The father claims the yeshiva isn’t. He says when he asked about it, he was told to stop or else his son will be removed from school.

“No one can talk too much because the office of the yeshiva have the power to do what they want,” he says.

News 12 tried going to the yeshiva, and was sent to the administration building where no one was available to comment either.

Just last month, the community’s grand rabbi instructed followers to ignore the new guidelines, threatening to “wage war” against the state.

State officials say local school districts are responsible to enforce the rules. In this case, that would be the Monroe Woodbury School District. The superintendent says promised training and guidance on how to do so has not been given by the state.

Monroe-Woodbury School Superintendent Elsie Rodriguez said in this case, she’d need a formal complaint from the parent in order to investigate.

Yeshiva Education and New Yorkers’ Money – Do you Know Where your Money is Going?

Schools that deprive children of basic skills get millions of taxpayer dollars


After years of focus on the major educational deficiencies within many ultra-orthodox or Hasidic schools in New York, the state Education Department in November issued updated guidelines that included clarification on “substantial equivalency” requirements for nonpublic schools.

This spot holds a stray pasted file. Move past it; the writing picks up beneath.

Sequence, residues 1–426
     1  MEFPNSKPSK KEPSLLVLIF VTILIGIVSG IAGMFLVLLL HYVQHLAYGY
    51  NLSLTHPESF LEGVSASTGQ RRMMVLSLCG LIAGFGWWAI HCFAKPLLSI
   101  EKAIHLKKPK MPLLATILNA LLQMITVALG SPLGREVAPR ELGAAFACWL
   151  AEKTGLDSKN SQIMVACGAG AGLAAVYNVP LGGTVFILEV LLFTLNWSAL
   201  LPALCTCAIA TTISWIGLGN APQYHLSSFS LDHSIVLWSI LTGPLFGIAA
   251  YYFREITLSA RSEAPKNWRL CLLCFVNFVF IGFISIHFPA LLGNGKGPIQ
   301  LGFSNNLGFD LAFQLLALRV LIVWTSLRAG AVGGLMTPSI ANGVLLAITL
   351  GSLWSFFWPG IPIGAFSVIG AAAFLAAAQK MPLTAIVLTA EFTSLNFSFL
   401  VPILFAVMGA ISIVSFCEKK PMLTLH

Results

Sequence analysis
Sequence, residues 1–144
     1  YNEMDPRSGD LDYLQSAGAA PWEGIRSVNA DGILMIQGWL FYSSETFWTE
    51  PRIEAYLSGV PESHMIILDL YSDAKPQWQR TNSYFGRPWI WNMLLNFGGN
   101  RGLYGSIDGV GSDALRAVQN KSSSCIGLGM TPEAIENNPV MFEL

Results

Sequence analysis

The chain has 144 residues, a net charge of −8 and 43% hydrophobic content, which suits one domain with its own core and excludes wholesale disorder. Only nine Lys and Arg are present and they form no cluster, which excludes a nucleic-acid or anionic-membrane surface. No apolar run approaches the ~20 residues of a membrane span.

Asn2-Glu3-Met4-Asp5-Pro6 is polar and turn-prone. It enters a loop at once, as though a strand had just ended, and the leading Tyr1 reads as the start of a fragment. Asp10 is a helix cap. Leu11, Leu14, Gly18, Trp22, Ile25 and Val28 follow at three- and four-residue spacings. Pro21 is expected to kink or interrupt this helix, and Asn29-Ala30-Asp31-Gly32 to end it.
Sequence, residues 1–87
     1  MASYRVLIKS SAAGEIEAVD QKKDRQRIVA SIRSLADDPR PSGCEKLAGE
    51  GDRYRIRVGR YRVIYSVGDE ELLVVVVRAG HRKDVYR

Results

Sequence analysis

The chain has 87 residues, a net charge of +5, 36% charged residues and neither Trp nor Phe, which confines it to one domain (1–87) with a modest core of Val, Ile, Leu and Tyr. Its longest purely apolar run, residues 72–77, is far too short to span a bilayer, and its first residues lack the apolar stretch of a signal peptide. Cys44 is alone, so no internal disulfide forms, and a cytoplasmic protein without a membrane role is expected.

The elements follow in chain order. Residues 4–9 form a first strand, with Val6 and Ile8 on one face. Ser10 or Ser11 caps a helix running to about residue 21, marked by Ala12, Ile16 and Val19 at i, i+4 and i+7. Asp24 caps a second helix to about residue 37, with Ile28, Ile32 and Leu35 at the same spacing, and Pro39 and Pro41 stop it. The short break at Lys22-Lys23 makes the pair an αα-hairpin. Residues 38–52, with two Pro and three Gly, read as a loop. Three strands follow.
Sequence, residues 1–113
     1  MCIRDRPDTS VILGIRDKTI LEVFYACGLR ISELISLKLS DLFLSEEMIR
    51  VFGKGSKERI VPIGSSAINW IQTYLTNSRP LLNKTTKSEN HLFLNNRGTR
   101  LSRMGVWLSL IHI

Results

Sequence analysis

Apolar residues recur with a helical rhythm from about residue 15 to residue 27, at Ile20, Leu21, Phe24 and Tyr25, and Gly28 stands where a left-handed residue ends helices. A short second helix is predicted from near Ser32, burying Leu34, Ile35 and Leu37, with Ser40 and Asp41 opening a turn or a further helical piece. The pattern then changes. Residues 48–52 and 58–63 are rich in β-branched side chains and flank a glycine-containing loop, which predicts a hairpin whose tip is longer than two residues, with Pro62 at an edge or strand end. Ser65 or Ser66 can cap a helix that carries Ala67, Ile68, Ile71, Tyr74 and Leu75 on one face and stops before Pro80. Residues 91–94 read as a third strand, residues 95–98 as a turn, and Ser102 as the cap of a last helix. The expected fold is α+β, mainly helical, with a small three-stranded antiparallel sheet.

As these guidelines apply to all private schools, it’s been met with a bit of an uproar. Several politicians have been swift to pander to Agudath Israel—an Orthodox Jewish advocacy organization—and yeshiva leaders by portraying this as an assault on yeshivas and calling on the state to back off.

Schools in the Orthodox Jewish community exist along a spectrum. The Modern Orthodox schools offer a well-rounded Jewish education as well as a robust secular education, by which I mean instruction in English, math, science, history, physical education, etc. Graduates of these Modern Orthodox schools do quite well academically and professionally, and their successes are now being touted as “proof” that the yeshiva system works and is even superior to public schools.